Flashcards in Midterm 1 Deck (46)
The quality of sound, as a distinct pitch; also known as tone color.
The simultaneous use of contrasting rhythms; also known as rhythmic contrast.
Continuous, unchanging patterns whose very repetition provides a framework for a musical piece.
Contrasting parts played above the foundation layers in a piece.
1. Jazz from the period 1935-1945, usually known as the Swing Era; 2. A jazz specific feeling created by rhythmic contrast within a particular rhythmic framework. (Usually involving a walking bass and a steady rhythm on the drummer's ride cymbal.)
A general term for the overall rhythmic framework of a performance. Includes swing, funk, ballad, and Latin.
The organization of recurring pulses into patterns. Duple 1-2, triple 1-2-3, irregular 1-2-3/1-2
The speed of a piece of music.
The preconceived structures that govern improvisation in jazz. These may include cycles of various kinds, popular song (like AABA), or compositional forms such as march/ragtime.
Wind instruments, some of which are made of brass, use a cup-like mouthpiece to create the sound.
Wind instruments whose mouthpieces are inserted between the lips, blowing air through a thin passage way with a limber reed.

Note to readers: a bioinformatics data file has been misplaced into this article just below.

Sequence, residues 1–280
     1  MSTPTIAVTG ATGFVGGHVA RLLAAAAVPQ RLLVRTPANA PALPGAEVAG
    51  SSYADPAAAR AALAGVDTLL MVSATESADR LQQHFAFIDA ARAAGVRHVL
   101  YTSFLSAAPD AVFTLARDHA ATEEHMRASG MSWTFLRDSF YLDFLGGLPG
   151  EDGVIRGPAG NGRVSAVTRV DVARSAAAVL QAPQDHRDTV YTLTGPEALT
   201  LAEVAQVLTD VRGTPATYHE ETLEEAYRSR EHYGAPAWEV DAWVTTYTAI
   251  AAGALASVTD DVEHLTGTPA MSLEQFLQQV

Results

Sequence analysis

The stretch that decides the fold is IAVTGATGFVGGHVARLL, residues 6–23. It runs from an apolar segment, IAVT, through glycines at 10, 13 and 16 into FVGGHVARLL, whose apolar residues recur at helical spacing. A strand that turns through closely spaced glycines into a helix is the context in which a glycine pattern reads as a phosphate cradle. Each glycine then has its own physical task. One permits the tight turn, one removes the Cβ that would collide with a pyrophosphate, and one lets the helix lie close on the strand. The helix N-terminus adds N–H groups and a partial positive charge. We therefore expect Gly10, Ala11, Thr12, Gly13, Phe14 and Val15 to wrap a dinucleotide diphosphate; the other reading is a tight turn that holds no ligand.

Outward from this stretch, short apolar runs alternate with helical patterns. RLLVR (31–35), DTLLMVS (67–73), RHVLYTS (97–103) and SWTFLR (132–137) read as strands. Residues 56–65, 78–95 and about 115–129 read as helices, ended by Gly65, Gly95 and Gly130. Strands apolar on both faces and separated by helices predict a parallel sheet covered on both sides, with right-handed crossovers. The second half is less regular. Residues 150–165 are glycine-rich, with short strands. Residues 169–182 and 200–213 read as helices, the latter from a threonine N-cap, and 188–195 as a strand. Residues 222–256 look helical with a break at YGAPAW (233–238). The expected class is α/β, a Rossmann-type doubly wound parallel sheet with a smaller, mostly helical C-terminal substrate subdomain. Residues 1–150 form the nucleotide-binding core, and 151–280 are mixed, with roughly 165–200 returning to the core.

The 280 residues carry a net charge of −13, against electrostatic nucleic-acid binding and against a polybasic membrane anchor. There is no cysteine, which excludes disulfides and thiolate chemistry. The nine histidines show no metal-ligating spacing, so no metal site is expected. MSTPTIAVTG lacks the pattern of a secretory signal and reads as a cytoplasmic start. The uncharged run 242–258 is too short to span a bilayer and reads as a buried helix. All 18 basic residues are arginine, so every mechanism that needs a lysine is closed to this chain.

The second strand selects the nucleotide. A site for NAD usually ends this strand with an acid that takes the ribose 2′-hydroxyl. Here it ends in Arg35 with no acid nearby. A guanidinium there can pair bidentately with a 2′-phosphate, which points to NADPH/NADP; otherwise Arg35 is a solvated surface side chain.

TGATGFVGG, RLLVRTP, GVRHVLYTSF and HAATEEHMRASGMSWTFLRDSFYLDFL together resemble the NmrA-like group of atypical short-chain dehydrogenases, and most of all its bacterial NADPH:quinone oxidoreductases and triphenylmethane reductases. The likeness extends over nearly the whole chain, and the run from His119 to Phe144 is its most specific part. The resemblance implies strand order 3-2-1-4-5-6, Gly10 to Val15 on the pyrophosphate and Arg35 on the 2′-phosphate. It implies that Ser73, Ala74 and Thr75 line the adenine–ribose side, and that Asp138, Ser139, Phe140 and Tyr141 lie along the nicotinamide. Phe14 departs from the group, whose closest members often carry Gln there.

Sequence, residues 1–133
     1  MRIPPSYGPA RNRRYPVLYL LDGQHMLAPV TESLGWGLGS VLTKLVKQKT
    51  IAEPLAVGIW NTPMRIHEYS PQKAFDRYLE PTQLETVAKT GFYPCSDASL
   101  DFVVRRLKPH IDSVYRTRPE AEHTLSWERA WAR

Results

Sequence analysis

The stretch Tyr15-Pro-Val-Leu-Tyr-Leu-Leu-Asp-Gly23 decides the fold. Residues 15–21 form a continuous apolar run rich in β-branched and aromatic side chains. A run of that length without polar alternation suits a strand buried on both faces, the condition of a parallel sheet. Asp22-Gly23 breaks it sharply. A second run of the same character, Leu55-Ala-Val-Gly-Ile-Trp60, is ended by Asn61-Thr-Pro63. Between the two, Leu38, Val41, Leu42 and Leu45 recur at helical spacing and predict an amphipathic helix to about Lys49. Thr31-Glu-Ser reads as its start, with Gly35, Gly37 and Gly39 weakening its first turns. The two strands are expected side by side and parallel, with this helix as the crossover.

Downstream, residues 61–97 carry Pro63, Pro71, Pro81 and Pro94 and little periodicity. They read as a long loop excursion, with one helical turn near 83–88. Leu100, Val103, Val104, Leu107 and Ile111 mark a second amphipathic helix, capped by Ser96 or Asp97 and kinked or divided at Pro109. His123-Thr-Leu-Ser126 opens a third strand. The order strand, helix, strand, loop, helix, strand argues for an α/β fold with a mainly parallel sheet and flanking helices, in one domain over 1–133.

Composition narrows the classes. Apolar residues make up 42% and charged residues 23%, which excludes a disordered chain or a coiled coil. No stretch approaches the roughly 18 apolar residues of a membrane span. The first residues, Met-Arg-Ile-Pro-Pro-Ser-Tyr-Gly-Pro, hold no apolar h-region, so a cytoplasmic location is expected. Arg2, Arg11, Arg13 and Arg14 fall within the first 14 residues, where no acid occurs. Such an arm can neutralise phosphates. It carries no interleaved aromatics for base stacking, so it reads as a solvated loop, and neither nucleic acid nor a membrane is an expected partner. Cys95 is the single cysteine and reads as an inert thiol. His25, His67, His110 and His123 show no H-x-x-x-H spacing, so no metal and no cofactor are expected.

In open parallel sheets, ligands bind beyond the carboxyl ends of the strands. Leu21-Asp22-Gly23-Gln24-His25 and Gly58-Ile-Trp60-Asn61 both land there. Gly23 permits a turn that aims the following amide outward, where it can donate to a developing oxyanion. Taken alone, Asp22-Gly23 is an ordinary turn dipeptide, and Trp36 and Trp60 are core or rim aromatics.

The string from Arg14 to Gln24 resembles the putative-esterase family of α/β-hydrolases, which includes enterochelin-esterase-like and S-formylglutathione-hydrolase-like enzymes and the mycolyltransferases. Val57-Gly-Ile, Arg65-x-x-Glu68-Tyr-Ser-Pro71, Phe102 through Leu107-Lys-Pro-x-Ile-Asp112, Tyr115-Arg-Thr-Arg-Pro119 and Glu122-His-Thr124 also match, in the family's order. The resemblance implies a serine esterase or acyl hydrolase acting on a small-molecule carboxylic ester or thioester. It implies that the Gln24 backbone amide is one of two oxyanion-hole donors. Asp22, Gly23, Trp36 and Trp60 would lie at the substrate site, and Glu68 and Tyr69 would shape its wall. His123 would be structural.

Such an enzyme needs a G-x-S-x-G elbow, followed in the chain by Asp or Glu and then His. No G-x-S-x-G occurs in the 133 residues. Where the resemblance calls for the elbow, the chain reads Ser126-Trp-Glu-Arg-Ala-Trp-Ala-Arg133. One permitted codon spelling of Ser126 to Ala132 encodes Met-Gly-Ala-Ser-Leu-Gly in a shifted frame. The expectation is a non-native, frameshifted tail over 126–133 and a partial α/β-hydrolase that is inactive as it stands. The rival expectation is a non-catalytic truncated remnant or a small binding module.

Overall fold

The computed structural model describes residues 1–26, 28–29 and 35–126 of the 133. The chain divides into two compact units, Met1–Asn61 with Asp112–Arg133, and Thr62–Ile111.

Instruments that provide accompaniment for jazz soloing: harmony instruments such as piano, guitar, bass, tuba, or percussion.
A texture featuring one melody supported by harmonic accompaniment.
A texture in which two or more melodies of equal interest are played at the same time.
A texture featuring one melody with no accompaniment. Uses of break and stop-time.
A composed section of music that frames a small-combo performance, appearing at the beginning and again at the end.
1) A single statement of the harmonic and rhythmic jazz cycle defined by the musical form (12 bar blues, 32 bar popular song); 2) The repeated portion of a popular song, often introduced by its verse.
A standard song form, usually divided into shorter sections, such as AABA (each section 8 bars long) or AA (each section 16 bars long).
32 Bar Song Form
A twelve bar cycle used as a framework for improvisation by jazz musicians.
12 Bar Blues Form
The most common 32 bar popular song form, referring to melody and harmonic progression (but not text).
Each portion is 8 bars long, with B, the bridge, serving as the point of contrast.
A = statement, A = repetition, B = contrast, A = return.
Second most common 32 bar popular song form, referring to melody and harmonic progression. Each portion 8 bars long, with the A section returning in the songs middle. Can also be considered AA' form.
A short, catchy, and repeated melodic phrase.
A short melodic or rhythmic idea.
A musical utterance that's analogous to a sentence in speech.
Short melodic ideas that form a shared basic vocabulary for jazz improvisers.
A preexisting melody used as the basis for improvisation.
A new melodic line created with notes drawn from the underlying harmonic progression; also known as running the changes.
The process of using a scale as the basis for improvisation.
A slow romantic popular song;
A long, early type of folk song that narrated a bit of history.